War between Defence Ministers?
Belgium's new Defence Minister, Pieter De Crem, sees no problem in reversing a controversial order by his predecessor.
Belgium's brand new Defence Minister, Flemish Christian democrat Pieter De Crem, sees no problem in reversing a controversial order by his predecessor.
Francophone socialist André Flahaut earlier purchased small calibre guns that cannot be used in international operations and that use ammunition only produced in his constituency.
The purchase of 90 mm guns was controversial from the start.
The finance department twice stopped the order.
The guns are only produced in Liège by CMI.
Ammunition is only produced by Mecar, a company in the constituency of former Defence Minister André Flahaut.
All other NATO countries use guns with a higher calibre, at least 105 mms.
Using the two types side by side is not an option.
Mr De Crem concedes the guns have been ordered, but sees no reason for cancelling the order.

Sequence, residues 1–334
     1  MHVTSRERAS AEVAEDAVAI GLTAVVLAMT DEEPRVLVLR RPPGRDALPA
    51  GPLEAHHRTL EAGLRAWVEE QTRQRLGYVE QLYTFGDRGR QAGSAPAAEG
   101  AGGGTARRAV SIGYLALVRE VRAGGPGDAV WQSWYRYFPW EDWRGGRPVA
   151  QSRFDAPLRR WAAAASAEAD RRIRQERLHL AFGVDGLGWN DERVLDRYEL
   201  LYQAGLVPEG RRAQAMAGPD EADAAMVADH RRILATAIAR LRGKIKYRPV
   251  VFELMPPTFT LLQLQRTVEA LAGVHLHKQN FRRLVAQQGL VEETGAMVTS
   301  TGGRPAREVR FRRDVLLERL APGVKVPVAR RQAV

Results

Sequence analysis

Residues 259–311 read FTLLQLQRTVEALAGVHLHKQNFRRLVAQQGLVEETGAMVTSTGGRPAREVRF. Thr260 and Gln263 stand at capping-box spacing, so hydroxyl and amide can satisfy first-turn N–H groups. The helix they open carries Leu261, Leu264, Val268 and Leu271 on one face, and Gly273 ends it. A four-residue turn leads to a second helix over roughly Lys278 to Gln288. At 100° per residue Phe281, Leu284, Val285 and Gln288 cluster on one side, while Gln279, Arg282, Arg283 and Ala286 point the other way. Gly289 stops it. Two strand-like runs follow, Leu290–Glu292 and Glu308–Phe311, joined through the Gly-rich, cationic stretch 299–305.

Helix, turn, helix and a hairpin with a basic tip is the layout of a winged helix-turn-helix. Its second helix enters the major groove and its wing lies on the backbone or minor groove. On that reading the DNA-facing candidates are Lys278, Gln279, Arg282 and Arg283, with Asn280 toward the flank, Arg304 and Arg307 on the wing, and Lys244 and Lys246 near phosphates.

He will now examine how Belgium can cancel a contract that costs the taxpayer 42 million euros.
Belgian Premier Guy Verhofstadt (Flemish liberal) says that he's unaware of Mr De Crem's decision and that there was nothing wrong with the contract.
Nuclear arms at Kleine Brogel?
Defence Minister De Crem on Wednesday confirmed that nuclear arms are deployed at the Kleine Brogel air force base in Limburg.
The presence of the arms has been a public secret for years, but it's the first time there is confirmation from a government minister.
Later in the day the minister said that he had meant to say something else and was talking about Belgian co-operation in NATO.